Emmanuel Macron is going to be investing millions of Euros to make the French language a stronger global rival to English at the European Union, and the number one language in Africa.
There’s an interesting reason for his campaign in the EU: “The situation now is quite paradoxical. English has probably never been as present in Brussels at the time when we are talking about Brexit. This domination is not inevitable. It’s up to us to set some rules, to be present, and make French the language with which one has access to a number of opportunities.”
In other words, since Britain is leaving the European Union, it should leave with its language. With Germany as the other recognized power within the 27-member bloc but without a spread of German in the union or around the world, the French president sees Brexit as providing a gap to be filled, to drive French towards becoming more mainstream and the language with which the global conversation is driven.
But where is there such a gap or even a need in Africa?
There are about 24 countries on the continent using French as their official language. Like the ones who use English, that is more a consequence of colonialism than the choices made by free and conscious people. The integration of the languages into cultural norms and the reliance on them as the language for learning science and technology has made them indispensable and mandatory for development. However, not many have been able to make the switch from their mother tongues to the foreign languages, creating huge swathes of able but excluded people for whom learning another language is difficult. If the axiom that people think in their native languages first before a second language holds true, it gives some idea of the causes of the existing gaps in knowledge and innovation on the continent.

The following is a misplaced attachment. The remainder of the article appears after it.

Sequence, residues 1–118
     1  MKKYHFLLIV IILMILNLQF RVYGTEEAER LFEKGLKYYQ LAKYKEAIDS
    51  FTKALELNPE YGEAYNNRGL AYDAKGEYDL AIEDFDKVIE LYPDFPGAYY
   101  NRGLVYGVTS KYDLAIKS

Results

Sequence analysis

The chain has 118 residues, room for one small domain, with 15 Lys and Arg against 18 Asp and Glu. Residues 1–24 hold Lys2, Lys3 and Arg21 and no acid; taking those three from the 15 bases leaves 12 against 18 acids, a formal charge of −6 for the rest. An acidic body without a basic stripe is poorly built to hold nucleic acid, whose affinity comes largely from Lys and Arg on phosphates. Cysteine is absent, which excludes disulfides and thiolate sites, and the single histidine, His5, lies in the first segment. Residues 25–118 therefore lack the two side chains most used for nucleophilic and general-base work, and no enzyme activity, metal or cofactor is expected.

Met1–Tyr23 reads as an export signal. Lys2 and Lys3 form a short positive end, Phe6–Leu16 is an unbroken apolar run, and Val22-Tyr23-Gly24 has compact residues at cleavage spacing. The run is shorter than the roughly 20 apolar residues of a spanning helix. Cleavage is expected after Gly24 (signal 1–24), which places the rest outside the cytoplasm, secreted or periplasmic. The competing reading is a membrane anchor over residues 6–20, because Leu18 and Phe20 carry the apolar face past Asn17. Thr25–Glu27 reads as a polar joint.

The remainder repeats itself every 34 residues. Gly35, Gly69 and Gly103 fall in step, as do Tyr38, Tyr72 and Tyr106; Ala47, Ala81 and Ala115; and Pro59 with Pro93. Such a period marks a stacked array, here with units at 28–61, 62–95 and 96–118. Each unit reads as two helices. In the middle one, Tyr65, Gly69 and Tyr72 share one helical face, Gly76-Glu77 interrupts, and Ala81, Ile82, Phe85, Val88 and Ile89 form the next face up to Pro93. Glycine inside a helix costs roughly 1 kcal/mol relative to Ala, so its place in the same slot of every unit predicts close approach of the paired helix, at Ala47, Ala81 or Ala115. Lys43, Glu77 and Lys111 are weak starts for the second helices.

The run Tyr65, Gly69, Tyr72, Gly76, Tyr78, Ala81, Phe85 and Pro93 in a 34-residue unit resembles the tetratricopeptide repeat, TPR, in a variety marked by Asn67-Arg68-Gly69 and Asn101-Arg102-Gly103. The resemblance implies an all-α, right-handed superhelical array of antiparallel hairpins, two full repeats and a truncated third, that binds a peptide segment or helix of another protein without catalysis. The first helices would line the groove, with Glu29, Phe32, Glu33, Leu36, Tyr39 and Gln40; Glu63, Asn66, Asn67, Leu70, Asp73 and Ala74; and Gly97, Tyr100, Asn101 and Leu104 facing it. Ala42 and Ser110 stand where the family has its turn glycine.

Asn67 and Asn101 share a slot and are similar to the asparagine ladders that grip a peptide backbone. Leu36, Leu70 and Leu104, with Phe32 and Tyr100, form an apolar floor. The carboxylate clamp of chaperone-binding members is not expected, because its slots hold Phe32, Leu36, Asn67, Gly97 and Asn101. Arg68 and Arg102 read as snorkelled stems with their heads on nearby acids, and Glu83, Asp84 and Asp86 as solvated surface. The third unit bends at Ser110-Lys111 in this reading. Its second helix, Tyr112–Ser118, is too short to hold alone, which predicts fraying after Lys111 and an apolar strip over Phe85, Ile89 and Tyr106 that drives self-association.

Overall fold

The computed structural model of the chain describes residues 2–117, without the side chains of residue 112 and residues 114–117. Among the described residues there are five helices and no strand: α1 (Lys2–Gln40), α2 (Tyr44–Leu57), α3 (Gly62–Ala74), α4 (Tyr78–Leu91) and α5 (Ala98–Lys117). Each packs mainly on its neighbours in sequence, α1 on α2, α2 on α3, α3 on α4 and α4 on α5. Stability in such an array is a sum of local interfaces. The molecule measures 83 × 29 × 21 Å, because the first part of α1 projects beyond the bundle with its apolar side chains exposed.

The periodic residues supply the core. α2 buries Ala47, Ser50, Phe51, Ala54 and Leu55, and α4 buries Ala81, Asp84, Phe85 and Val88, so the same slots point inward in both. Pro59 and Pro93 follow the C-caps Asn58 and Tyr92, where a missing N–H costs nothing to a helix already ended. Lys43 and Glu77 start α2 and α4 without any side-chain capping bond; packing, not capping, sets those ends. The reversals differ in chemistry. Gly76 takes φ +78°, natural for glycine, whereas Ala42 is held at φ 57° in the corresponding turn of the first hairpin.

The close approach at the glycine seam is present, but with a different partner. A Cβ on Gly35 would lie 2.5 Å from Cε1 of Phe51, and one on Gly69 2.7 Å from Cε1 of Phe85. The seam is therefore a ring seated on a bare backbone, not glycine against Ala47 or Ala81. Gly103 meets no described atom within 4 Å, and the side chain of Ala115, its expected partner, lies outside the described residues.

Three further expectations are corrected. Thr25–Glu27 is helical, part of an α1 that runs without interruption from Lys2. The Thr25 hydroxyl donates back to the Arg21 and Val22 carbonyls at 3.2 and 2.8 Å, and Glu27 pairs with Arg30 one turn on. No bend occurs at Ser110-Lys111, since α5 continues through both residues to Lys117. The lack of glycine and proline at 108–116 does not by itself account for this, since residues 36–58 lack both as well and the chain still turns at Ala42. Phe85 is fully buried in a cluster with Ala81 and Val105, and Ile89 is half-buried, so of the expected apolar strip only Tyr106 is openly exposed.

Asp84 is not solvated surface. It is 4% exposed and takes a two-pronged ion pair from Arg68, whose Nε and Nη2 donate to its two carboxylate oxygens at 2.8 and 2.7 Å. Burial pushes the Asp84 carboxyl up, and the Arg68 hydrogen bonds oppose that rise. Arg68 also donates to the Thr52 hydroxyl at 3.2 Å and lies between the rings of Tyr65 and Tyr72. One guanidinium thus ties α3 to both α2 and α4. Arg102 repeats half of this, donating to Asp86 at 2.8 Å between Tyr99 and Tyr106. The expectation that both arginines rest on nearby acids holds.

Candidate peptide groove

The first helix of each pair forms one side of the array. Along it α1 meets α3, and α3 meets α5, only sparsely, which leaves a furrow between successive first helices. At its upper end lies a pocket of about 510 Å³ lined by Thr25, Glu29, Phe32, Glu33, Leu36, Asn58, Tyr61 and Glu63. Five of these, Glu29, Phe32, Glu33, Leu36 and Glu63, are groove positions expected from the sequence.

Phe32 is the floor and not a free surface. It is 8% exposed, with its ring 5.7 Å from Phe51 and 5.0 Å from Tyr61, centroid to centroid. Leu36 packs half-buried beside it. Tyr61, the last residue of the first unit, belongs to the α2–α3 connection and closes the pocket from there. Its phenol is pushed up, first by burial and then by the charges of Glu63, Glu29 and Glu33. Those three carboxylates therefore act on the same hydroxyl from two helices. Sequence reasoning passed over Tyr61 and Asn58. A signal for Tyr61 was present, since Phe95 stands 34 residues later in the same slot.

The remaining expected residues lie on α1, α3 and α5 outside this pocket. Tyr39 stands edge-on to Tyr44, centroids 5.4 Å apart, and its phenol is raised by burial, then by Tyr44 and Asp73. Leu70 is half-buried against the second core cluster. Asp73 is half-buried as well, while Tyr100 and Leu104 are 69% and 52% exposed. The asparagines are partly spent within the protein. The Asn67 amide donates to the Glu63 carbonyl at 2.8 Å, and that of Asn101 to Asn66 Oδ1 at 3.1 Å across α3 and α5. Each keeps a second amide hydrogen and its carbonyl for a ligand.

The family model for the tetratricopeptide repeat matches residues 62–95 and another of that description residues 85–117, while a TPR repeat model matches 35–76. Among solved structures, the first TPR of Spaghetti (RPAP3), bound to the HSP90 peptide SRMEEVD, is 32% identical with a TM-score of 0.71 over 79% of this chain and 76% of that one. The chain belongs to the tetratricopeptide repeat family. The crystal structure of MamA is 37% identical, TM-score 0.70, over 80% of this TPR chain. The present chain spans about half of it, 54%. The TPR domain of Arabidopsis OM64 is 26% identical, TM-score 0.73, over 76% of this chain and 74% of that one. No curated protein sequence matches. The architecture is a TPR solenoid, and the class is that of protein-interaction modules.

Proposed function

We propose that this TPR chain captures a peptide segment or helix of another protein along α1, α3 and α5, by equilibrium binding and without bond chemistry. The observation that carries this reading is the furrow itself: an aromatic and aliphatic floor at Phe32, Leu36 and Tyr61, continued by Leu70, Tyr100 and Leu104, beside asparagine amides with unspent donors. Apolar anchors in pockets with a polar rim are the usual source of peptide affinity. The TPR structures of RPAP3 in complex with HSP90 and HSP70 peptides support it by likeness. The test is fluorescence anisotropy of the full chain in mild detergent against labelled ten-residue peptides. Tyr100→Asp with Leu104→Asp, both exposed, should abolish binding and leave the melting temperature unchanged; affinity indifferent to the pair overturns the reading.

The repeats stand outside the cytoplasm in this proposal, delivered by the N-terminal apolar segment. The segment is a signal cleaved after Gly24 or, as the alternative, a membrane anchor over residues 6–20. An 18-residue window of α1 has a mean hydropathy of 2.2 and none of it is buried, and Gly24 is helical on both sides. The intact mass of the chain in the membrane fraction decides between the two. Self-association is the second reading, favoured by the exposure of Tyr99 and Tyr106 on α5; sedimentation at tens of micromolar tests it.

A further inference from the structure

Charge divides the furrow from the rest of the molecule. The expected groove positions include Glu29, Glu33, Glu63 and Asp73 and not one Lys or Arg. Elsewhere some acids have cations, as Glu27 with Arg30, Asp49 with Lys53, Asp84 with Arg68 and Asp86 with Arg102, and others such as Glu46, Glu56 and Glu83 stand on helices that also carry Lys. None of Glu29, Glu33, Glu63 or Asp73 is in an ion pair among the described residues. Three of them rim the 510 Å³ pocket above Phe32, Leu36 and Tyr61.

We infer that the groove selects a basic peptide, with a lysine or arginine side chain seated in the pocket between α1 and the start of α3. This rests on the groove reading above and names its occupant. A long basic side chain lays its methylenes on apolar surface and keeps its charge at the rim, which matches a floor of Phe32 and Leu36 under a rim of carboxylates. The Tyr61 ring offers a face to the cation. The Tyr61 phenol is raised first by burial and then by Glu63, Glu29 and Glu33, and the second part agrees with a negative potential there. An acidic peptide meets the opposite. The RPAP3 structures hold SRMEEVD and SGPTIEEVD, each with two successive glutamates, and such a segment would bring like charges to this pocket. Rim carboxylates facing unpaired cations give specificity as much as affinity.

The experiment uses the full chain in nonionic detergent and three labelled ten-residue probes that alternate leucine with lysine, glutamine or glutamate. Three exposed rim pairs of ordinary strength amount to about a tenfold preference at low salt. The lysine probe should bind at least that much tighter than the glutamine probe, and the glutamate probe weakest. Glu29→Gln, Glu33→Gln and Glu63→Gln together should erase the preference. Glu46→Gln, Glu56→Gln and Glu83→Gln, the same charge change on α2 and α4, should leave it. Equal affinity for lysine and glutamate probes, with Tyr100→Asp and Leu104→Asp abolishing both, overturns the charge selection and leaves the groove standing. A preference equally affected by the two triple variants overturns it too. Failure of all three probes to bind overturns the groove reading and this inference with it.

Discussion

Macron, as the president of a sovereign entity, has the prerogative to promote the interest of his nation by furthering the French language. However, it would reasonable to base a campaign of that sensitivity on the impact of French legacies in Francophone Africa whose economy continues to be tied (not for the best) to the Elysee Palace and the Banque de France. Around the world, there are about 220 and 300 million people who speak French as either their first or second language. While it is a somewhat romantic and accent-y language, French with its peculiar masculine-feminine dichotomies is not exactly the easiest second tongue to acquire. Add to that some calls by gender sociologists and linguists for a total review of the language to make it more gender neutral (which is not set to happen anytime soon), the odds are reasonably stacked against a French-speaking world.
In any case, the apparent ubiquity of the English language arguably has more to do with the world-power status of the United States than Britain, its original speakers. Hollywood, the gaming industry and the unrivalled military might of the Pentagon which makes Washington politics the most followed in the world media, have all contributed to making English THE language. Hence, Macron may want to divert his motivations away from Brexit to increasing French influence in other ways.
It is probably too late to knock France off its pedestal in Francophone Africa though it is not an idea to be abandoned; technological advancements can aid a holistic transition and the place of Swahili in East Africa will be the inspiration to keep trying and iterating. But if that is a dream still some time away, it should not be made dimmer and impossible by President Macron.
Using millions of Euros to push the “language of freedom” in Africa could be colonialism and bondage all of over again.